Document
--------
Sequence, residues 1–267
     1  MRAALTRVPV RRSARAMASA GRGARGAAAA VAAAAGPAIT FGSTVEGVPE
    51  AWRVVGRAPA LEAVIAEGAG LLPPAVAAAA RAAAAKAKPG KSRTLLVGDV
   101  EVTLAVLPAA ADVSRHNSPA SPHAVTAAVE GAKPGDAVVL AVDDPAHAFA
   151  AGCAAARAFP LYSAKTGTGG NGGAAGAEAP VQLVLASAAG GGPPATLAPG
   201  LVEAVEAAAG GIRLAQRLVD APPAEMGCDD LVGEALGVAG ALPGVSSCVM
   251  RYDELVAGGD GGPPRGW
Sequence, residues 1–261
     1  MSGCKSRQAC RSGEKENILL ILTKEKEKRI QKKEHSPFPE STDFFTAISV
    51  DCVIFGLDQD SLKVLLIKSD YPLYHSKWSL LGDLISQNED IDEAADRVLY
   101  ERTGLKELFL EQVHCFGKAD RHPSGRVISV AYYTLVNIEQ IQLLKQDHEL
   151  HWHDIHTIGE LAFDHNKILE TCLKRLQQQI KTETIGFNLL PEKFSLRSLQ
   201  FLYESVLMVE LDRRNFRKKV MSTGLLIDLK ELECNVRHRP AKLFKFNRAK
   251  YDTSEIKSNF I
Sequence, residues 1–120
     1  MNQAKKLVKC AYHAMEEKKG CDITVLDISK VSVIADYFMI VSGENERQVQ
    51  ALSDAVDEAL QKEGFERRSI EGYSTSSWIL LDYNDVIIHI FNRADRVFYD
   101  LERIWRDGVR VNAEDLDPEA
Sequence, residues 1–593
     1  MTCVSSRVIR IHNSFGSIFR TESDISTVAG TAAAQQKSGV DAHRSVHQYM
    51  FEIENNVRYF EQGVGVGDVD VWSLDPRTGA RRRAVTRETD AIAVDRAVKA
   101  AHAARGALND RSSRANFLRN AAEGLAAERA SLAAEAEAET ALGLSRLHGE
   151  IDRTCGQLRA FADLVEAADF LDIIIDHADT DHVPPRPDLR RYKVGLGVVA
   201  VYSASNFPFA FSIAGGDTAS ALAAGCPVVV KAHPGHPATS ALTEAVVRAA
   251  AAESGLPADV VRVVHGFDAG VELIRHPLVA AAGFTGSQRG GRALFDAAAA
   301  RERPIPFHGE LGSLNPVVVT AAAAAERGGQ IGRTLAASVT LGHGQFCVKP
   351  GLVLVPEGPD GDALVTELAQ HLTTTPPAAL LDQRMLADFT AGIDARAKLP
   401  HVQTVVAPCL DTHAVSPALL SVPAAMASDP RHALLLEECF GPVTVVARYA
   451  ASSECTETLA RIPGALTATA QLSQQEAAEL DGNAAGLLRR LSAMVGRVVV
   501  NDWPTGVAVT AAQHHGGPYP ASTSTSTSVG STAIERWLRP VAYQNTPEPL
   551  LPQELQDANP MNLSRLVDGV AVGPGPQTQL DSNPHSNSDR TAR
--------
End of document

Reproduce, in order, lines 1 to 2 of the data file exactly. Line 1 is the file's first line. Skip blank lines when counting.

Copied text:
Sequence, residues 1–267
     1  MRAALTRVPV RRSARAMASA GRGARGAAAA VAAAAGPAIT FGSTVEGVPE